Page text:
Have you ever wondered why sometimes when you ask for something it’s easy and then all of a sudden it’s not? Turns out there are two very distinct ways of asking for help (if you even do ask at all!) and the two cultures often clash!

The first is the Direct Asker who simply asks a direct question and see what happens – no harm, no stress if you get a “No”. The other culture is the Indirect Asker who tests the waters in a conversation to see if someone would have a positive reaction to their request. Neither way of asking is right or wrong, but how much smoother would your interactions be if you had the ability to do both?

If you are a direct asker …

If you are a direct asker you have no problem asking your questions point-blank. You get so much more done (and you get so much more help!) because you are willing to ask a question, receive the information and then make your choices from there.

However, when you start asking questions to someone who is used to indirectly asking for things, you might find that they start to feel uncomfortable with your abrupt and direct line of fire. This clash can create disjointed energy between you and this person. If you find yourself sensing this energy, start by having a conversation to discuss what you require.

Use questions like:
  • Hey, what do you think of…. [proposed idea]
  • I’m looking for help with…. [request you would normally directly ask]
  • Hey, do you know anyone who could help me with… [task]

When an indirect asker starts a conversation with you, prompt them to elaborate on what their thought process is so that they can give you more information about what they have been trying to subtly tell you. When you are in this position, ask yourself this: What is this person waiting to be asked that I could offer a conversation about?

If you are a direct asker, start having more indirect conversations with people. You will quickly recognize those who prefer it when you ask in this way and who are more willing to offer you help because of it.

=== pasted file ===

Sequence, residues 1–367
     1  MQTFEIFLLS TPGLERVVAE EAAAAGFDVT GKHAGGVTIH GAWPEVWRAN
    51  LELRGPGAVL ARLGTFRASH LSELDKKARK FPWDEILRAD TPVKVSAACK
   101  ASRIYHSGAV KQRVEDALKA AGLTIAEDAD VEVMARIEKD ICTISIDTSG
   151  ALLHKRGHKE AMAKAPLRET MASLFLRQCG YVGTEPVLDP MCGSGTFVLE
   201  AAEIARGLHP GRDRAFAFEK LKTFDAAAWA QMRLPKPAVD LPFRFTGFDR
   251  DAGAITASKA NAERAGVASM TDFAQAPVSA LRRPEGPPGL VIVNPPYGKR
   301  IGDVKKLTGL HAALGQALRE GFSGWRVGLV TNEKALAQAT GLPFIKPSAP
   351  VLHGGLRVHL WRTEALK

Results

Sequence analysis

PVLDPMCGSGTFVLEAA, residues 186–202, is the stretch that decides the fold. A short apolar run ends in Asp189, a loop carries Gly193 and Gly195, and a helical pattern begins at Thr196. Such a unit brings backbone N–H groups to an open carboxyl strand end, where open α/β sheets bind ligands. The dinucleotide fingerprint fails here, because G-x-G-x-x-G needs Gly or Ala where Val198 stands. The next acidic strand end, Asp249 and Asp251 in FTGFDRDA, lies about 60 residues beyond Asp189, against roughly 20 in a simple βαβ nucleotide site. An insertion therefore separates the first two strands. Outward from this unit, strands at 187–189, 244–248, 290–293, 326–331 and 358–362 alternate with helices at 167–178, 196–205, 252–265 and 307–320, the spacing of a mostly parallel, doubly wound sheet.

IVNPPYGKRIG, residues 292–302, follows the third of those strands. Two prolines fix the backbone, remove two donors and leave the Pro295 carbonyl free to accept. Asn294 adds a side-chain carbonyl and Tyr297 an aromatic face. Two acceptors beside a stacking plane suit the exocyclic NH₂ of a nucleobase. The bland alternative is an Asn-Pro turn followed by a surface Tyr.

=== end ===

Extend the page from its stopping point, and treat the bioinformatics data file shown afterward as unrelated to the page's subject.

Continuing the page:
If you are an indirect asker …

If you are an indirect asker then you usually test the waters by offering a conversation and subtly hinting at your question.

You’re hoping that the other person will take the bait and just offer you the help. If you are talking to someone who is used to asking questions in this way, then they will usually do this. However, if the person is used to being asked direct questions, then they will just think you are having a conversation and they don’t know that you are actually asking for something.

If you are an indirect asker, start asking for things point-blank. Harsh question… are you ready? How much time are you wasting by being indirect, when it really doesn’t really require that? Asking for something directly may fill you with anxiety, but you’re going to notice that once you start asking those questions it’s actually no big deal!

Your homeplay:

State your request, ask for what you want.

  • Hey, can you help me with that?
  • Do I really need X, are you up for that?
  • I want to do X, want to help/come/do it?

What would your life be like if you developed the ability to ask both directly and indirectly? How much more smoothly would you be able to walk through the world? If you are a direct asker, start to have more indirect conversations. If you are an indirect asker, make your request known! You are going to have the most uncomfortable and fun time, but it is going to change your life. See what shows up, because I guarantee it’s easier than you think…. ; )

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